Hydraulic and Pneumatic Cylinder Mounting and Column Strengths Reference

Stroke Limitations

There are several considerations that may fix the Practical stroke limit of a cylinder such as mounting style, mounting attitude, column strength of the piston rod, etc. These will typically require help from Engineering. There are, however, Definite stroke limitations imposed by the basic design of tie rod cylinders. Because of the tube loading required to properly prestress (torque) tie rods, the following bore size cylinders are limited to the corresponding strokes in standard, cataloged construction. Should you require a cylinder with a stroke in excess of that charted in adjacent column, contact your us for information concerning changes in construction and dimensions.

HH Stroke Limitations Table


Relatively long cylinders often require supports to prevent excessive sag or vibration which could severely reduce the operational life of the cylinder. Depending upon bore size and mounting style, it may be necessary to specify either an intermediate mount or a tie rod support bracket. If the cylinder selected has a fixed, non-centerline mount such as side lug or side flush, the type of support to select should be an intermediate mount. This additional mount provides support for the cylinder tube and support for the tie rods. If a pivotal mount such as clevis or trunnion is selected, a tie rod support bracket should be considered. When a long stroke cylinder, with a fixed centerline mount such as a front or rear flange is specified, some form of support should be provided. An intermediate mount is often the most convenient way of doing so. The chart in the adjacent column provides a guide for determining the need for an additional support. It should be noted that neither a tie rod support bracket nor an intermediate mount is designed to absorb the thrust of the cylinder. They provide support only.

Intermediate Supports for HH series Table

Rod Column Strength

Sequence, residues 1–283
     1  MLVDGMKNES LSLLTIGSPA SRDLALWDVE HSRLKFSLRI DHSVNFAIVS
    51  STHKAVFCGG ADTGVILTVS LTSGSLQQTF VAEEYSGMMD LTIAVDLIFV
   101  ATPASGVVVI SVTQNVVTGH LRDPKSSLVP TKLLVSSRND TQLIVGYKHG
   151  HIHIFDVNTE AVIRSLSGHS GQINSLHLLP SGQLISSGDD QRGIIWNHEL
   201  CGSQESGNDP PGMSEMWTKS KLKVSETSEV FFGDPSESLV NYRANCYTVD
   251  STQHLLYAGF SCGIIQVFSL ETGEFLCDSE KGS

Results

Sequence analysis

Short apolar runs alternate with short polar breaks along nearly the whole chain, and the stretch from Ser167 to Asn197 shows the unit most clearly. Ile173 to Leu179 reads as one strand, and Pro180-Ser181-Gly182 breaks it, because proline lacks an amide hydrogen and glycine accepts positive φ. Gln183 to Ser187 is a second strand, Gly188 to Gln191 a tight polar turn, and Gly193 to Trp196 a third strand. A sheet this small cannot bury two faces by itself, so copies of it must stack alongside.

When considering a long stroke cylinder, it is necessary to select a piston rod size of sufficient diameter to provide the necessary column strength. If the Cylinder will be performing work on the pull stroke only (rod in tension), selection of the standard rod diameter for that bore size will provide sufficient strength for operation at rated pressure or lower. If, however, the cylinder will be performing work on the push stroke (rod in compression), careful consideration must be given to column strength. Factors are the stroke length, rod extension length, mounting style,mounting attitude, force potential and  rod end connection. The mounting class chart assigns a mounting class reference number that corresponds to the mounting style, mounting attitude and rod end connection of the cylinder selected. Referencing that number and the sum of the gross stroke plus rod extension (if any), the column strength chart indicates the maximum allowable force for each available rod diameter.

This table is for steel Rods only:

Column Strength Chart for Steel Rods

Mounting Classes

Most maximum stroke lengths will be limited by the mount type and the type of rod support in your application.  Please refer to the charts below to determine which class your cylinder falls under.

Fixed Mountings

Fixed Mounts

Head or Intermediate Pivotal Mountings

Head or intermediate Pivotal Mounting Chart

Cap Pivotal Mountings

Cap Pivotal Mounting Chart